It’s all about how much work you want to put in, and how many hours you want to give to it! Keep in mind, these numbers vary editor to editor. Again, it’s all about making sure you can provide excellent photo editing and how you market those skills.
10. “How Do Beginner or New Photo Editors Find Their First Clients?”
Editors who are struggling to find and keep clients are either lacking training or not implementing critical marketing methods — or both! I teach you the skills you need to attract the clients you want AND keep those clients long-term.
I have a marketing method that attracts photographers and converts their inquiries to a paid editing job. This method is covered extensively in the course modules available to members of the Photo Editor’s Guide.
ONE-THIRD OF THE ENTIRE course training is dedicated to teaching students:
- how to create a brand to attract their ideal client
- how to launch
- how to book leads
- how to KEEP clients (even as a newbie)
Potential clients need to see that you’ve learned and refined your editing skills. Therefore, you must take the proper training to acquire good, consistent editing skills before you market yourself to potential clients.
11. “Would This Be A Good Stay-At-Home Job For Parents?”
Of course! There are people that choose photo editing so they can stay at home while working! You can choose how much work you’d like to take on!
This is a great business to have if you want to be able to work in the mornings before picking the kiddos up in the afternoon or if you need to limit working to a couple days per week.
As I mentioned before, I was able to bring in a full-time income working part-time in my first six months as a photo editor. I worked about 4-6 hours per day, around 3-5 days per week (varying season to season)!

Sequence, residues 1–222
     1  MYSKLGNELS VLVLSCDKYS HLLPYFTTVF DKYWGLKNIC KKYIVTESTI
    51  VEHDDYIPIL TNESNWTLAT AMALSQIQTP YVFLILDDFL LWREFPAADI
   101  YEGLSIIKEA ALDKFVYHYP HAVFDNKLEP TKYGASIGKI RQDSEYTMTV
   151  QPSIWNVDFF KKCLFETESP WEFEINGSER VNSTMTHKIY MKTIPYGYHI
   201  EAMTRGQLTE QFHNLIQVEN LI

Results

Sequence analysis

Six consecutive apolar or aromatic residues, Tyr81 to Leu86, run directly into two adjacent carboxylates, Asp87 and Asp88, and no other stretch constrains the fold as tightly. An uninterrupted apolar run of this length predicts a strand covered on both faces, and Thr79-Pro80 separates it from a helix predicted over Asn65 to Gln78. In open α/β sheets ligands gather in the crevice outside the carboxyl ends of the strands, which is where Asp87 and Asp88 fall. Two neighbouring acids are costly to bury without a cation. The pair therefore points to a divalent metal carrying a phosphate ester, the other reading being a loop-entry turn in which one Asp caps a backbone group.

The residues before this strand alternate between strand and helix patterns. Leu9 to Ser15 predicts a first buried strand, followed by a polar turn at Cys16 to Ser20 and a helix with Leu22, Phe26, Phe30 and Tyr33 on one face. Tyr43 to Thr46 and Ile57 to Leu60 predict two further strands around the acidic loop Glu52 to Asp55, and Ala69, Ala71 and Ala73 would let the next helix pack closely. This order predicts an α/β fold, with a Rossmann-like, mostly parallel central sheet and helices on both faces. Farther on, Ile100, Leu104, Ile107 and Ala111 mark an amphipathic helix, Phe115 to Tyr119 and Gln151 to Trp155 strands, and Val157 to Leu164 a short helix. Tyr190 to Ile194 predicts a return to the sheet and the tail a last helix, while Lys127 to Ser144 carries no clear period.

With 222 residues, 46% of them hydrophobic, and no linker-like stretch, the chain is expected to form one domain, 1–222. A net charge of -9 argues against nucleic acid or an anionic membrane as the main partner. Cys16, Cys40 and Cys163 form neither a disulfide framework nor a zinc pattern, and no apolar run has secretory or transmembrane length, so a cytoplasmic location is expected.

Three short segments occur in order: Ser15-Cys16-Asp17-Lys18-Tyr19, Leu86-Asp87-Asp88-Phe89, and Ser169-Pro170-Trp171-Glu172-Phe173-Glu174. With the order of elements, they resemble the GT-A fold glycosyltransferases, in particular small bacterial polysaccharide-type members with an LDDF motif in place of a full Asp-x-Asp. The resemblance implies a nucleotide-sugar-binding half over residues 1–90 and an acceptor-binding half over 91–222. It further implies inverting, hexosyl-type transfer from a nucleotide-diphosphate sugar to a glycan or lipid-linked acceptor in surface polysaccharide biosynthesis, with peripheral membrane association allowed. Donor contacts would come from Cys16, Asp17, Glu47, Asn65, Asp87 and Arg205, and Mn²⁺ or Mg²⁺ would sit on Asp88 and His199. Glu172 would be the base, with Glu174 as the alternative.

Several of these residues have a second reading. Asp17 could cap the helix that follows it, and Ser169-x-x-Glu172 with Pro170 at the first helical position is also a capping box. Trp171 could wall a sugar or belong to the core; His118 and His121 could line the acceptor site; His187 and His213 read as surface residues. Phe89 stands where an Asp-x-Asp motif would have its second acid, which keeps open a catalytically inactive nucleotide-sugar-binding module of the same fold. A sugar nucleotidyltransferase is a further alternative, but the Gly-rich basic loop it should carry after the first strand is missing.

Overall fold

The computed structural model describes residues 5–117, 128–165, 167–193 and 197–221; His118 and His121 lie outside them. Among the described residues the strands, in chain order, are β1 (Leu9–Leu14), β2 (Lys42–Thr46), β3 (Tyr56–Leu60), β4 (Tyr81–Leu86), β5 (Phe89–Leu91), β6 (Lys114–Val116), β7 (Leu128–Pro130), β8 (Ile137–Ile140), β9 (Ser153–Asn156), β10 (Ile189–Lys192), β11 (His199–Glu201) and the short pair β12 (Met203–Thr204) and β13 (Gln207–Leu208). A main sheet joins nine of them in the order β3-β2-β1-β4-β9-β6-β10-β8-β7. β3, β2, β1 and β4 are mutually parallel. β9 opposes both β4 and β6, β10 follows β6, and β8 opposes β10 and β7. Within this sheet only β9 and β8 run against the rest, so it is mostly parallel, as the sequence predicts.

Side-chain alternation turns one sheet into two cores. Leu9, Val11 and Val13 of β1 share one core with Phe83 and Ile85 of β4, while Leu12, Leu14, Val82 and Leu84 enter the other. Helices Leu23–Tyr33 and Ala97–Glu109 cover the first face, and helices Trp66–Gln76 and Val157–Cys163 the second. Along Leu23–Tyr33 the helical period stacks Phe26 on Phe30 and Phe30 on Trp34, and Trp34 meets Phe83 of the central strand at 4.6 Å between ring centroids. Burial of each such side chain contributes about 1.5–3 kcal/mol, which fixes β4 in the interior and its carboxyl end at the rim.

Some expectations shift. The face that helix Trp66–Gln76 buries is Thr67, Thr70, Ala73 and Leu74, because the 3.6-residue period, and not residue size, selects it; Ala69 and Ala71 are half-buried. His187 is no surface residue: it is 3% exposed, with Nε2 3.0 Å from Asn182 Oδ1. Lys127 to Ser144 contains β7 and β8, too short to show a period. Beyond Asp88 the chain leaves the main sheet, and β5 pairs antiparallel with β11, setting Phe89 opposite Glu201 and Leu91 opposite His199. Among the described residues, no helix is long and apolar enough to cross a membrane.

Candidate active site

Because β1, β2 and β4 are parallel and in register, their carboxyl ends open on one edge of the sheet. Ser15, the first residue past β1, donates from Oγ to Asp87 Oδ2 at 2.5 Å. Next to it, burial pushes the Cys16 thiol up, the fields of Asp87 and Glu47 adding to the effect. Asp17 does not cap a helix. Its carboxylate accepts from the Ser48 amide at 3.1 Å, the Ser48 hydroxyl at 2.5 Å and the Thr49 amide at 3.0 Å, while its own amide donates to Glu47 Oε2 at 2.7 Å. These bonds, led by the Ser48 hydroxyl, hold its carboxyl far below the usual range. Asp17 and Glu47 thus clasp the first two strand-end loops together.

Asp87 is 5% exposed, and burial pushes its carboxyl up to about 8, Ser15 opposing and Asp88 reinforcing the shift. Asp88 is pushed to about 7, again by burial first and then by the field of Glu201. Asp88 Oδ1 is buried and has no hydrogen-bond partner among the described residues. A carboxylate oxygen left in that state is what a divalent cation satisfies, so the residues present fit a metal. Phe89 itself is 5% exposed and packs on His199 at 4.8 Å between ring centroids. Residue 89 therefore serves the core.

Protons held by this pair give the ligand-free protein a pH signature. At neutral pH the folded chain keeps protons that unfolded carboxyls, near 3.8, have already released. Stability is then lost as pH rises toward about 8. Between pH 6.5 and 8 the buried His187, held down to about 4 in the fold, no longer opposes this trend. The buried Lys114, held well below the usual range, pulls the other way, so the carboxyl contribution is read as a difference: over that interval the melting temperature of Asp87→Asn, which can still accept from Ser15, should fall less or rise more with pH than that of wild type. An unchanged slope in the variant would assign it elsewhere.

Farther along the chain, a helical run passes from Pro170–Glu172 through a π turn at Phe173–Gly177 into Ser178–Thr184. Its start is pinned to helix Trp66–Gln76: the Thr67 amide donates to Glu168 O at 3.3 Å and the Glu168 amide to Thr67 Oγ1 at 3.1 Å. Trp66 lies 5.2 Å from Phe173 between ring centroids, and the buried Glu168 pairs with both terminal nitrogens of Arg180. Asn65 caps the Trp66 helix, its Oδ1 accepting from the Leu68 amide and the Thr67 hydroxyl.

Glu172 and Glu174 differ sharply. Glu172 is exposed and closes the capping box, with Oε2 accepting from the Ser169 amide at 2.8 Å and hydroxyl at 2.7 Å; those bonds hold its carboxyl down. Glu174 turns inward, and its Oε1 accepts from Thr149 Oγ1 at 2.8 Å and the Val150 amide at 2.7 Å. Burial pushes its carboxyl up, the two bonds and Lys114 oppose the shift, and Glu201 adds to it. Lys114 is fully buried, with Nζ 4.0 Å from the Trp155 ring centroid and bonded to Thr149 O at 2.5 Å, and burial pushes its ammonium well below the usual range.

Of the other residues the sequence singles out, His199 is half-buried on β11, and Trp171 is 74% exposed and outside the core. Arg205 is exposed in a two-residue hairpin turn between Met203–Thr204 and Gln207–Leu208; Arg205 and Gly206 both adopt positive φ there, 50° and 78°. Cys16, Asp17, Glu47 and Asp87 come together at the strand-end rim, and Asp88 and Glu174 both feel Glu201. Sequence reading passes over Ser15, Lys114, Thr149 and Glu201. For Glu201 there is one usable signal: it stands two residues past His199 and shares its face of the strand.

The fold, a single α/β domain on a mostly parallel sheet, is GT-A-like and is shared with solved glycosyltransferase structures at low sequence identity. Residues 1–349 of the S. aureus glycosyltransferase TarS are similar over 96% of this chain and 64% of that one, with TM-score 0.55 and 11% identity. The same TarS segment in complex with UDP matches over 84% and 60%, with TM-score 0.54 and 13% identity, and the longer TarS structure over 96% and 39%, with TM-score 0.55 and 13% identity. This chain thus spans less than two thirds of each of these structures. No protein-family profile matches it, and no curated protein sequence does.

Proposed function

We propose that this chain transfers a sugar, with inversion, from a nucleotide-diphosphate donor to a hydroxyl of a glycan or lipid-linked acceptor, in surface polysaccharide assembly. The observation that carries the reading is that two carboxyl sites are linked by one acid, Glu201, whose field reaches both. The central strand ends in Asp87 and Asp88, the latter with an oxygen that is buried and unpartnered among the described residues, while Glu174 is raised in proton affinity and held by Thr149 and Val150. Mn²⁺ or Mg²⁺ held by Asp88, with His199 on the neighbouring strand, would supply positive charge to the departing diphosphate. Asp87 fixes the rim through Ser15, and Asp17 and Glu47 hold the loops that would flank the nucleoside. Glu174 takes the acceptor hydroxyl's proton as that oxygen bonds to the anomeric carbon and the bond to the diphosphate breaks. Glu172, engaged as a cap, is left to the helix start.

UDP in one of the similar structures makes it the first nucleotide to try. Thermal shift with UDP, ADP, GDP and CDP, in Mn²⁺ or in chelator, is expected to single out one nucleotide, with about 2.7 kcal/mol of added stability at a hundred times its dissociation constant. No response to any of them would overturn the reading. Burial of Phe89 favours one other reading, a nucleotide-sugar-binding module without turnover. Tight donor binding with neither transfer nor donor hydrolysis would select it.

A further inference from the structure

This is also a great fit for stay at home moms and dads that have limited time to spend working but want to earn a little supplemental income. I know editors that choose to edit just 5-10 jobs per month — which could be great supplemental income grossing around $1,200-$2,500 per month (this could vary by season depending on the niche they choose).
Ready to learn more about the Guide and find out if photo editing is a good fit for you?
The Photo Editors Guide is a complete step-by-step online course + community with ongoing support. The training program is designed for busy people to learn at their own pace and is broken down into organized, bite-sized videos so you can squeeze in 15 minutes of training throughout your busy schedule.
Joining the Guide gives you the ability to…
- Learn how to start a photo editing business from home with a “business-in-a-box” step-by-step guide & community
- Become confident in your technical, business, and marketing skills to book your first client
- Learn how to attract and book wedding + portrait photographers you are excited to work with
- Have lifetime access to the education + coursework with a private community of other editors to find support, feedback, and encouragement as you grow
- Become a booked editor FAST, with handy grab-and-go templates + scripts